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The age of simplicity with cars seems gone forever

There was a time when Silicon Valley executives and inventors alike would point to cars as the perfect technology. They were, after all, among the easiest-to-use machines around – you just put your key in and they worked.

Now, with cars increasingly becoming computers on wheels and all the complexity that entails, the age of simplicity seems gone forever. With lane detection, touch-screen consoles, LTE wireless and a seemingly never-ending stream of technological features being added to every successive model, the humble automobile is quickly becoming one of the most complicated gadgets on the market.

This is proving to be a problem for auto makers, both because they're risking alienating drivers used to simplicity and because the increasing complexity can lead to safety problems. Cars that are hard to control or that have too much going on inside them can cause accidents.

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"The number of different controls on [just] a seat is a bewildering array of complexity to some people," says Thomas Bloor, manager of global business development for BlackBerry QNX. "There needs to be some simplification."

The growing problem means manufacturers are looking at a variety of different options for simplifying how vehicles work.

One possible solution is voice control, a technology feature that many major auto makers are quickly adopting.

At the recent CES in Las Vegas, Ford and Volkswagen both announced they would integrate Amazon's Alexa – the artificially intelligent voice assistant found in the online retailer's Echo home speakers – into future vehicles. Alexa will allow drivers to verbally control navigation systems, weather information, entertainment features and more.

Similarly, Nissan and BMW said they were looking to bring Microsoft's AI assistant, Cortana, into their vehicles. Several car makers are also experimenting with voice controls via Apple's Siri and Google's Android Auto.

Such controls are starting to take off in smartphones and home gadgets, mainly because the voice recognition and natural-language-processing software that powers them has improved to the point where they're mostly accurate.

Bloor says it shouldn't take long for auto makers to tweak the assistants to work more smoothly with the technological features in cars.

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"You might say, 'I'm too hot,' and it'll pull the temperature down for you," he says. "These are simple commands where you don't have to understand a complex hierarchy of terminology."

Ford, for one, is also hoping to avoid unnecessary future complexity by skipping a step in the industry's generally agreed-upon five-stage process toward autonomous vehicles. In phase one, cars typically have few or no automatic functions, while in phase two they have some features such as adaptive cruise control or automatic braking.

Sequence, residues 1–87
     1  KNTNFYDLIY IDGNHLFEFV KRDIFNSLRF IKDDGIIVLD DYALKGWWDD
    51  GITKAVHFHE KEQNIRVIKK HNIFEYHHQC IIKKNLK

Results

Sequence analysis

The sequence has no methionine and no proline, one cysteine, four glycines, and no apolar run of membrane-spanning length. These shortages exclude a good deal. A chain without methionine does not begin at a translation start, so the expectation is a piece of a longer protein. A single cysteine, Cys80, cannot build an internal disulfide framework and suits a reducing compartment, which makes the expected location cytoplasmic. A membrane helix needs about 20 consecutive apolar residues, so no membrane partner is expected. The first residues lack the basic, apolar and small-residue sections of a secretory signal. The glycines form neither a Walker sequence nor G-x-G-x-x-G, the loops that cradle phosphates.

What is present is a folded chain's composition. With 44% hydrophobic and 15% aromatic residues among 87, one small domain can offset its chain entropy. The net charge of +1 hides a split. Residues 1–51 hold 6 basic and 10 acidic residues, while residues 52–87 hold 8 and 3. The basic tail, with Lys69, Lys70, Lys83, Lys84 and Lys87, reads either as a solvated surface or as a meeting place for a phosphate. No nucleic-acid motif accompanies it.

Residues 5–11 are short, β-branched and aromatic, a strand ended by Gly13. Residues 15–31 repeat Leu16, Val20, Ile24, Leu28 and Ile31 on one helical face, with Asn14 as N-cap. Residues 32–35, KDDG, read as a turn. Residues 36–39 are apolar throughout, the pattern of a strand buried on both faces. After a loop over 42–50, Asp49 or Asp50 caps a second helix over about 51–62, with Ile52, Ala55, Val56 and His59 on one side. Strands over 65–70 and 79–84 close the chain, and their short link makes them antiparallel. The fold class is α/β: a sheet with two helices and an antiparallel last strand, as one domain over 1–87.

In phase three – the level Ford wants to skip – the self-driving car hands control back to a human driver when it doesn't know what to do. Phase four is full autonomy, while phase five extends that self-driving to extreme conditions such as dirt roads.

"[Level three] is really hard to do. People stop paying attention and it's actually less safe," says Schuyler Cohen, supervisor of autonomous-vehicles localization and mapping for Ford. "Level four is not just 10 of these features slapped together. It's a totally different car."

Other car makers are also looking to avoid complexity as they move toward autonomy, not just for car occupants, but also for pedestrians and other drivers on the road.

Nissan hired anthropologist Melissa Cefkin away from IBM in 2015 to lead a special research group in Sunnyvale, Calif. The team's job is to analyze how new technological features and capabilities will affect people, and to speak up on their behalf if they see issues.

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One particular area of focus right now is figuring out how to mitigate the new complexities that self-driving cars will inevitably add to roads.

With such vehicles likely behaving differently than human drivers and making up a minority of traffic for the foreseeable future, Cefkin is anticipating a rise in uncertainty among all road users.

To that effect, her group is experimenting with "intention indicators," or light strips that run along the length of a car. The strips would act as enhanced signal indications by giving other drivers and pedestrians a clearer picture of what an autonomous vehicle is about to do before it actually turns, stops or brakes.

"It's based on research on misunderstandings that could get worse in the future," she says. "This is an area where we have to be careful not to make it too complex, obviously."

Over all, industry analysts suggest the growing complexity of vehicles might be a phenomenon that will soon pass. Aside from mitigating efforts by manufacturers, many drivers and passengers are increasingly catching up to the technology anyway just as a course of everyday life.

"We're all starting to become more globally used to it via the phone you hold in your hand," IHS Markit auto analyst Mark Boyadjis says.

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About the Author

Peter Nowak has been writing about technology for 15 years, with a focus on trends and how they affect the world. He worked at The Globe and Mail between 1997 and 2004 before moving to China and then New Zealand, where he won the award for best technology reporter at the New Zealand Herald. More

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